Developers, looking for a way to spruce up your app? Need advice on your creation’s UI? Then you may want to take a look at Toledo Designs who just partnered up with Nokia through their popular DVLUP program.
Why go with Toledo? It’s simple. One of the founders of the company is Arturo Toledo, a former Senior User Experience Designer for Microsoft's Windows Phone Design Studio. The man certainly knows his design theory as he wrote a whole guide on UI design for Windows Phone in a series which we covered back in 2011-2012. He recently wrote an interesting piece on the new look for the Facebook app in response to those who said it wasn't Modern.
He and his partner Alejandro Toledo (UX/Software Architect) have formed their own company, Toledo Design and now you can take advantage of their skillset through Nokia and their DVLUP program.
From their website where they announced the news:
A before and after app redesign
Sounds good to us. If there is one thing Windows Phone users have grown accustomed to, it’s gorgeous looking apps. And while minimalism has its role, it’s not always about making your app look native to the UI as there are avenues of creativity that many developers never pursue.
You can even see some of their ‘before and after’ comparisons above to see just what they are capable of in terms of a redesign. So developers, if you care about your app and its success, give considerable thought to Nokia's Design Consultations.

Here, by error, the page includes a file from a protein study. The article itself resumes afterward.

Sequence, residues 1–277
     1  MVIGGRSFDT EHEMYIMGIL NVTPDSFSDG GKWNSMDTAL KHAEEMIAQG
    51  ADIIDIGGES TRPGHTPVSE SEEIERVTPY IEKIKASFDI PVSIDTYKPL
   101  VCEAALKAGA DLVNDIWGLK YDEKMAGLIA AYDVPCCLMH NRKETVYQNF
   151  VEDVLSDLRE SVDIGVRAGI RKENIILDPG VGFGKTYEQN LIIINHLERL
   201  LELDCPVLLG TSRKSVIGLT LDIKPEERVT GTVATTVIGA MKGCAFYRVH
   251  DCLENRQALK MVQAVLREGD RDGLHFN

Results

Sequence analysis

For more information, head to their website Toledo2
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Daniel Rubino is the Editor-in-chief of Windows Central. He is also the head reviewer, podcast co-host, and analyst. He has been covering Microsoft since 2007, when this site was called WMExperts (and later Windows Phone Central). His interests include Windows, laptops, next-gen computing, and watches. He has been reviewing laptops since 2015 and is particularly fond of 2-in-1 convertibles, ARM processors, new form factors, and thin-and-light PCs. Before all this tech stuff, he worked on a Ph.D. in linguistics, watched people sleep (for medical purposes!), and ran the projectors at movie theaters because it was fun.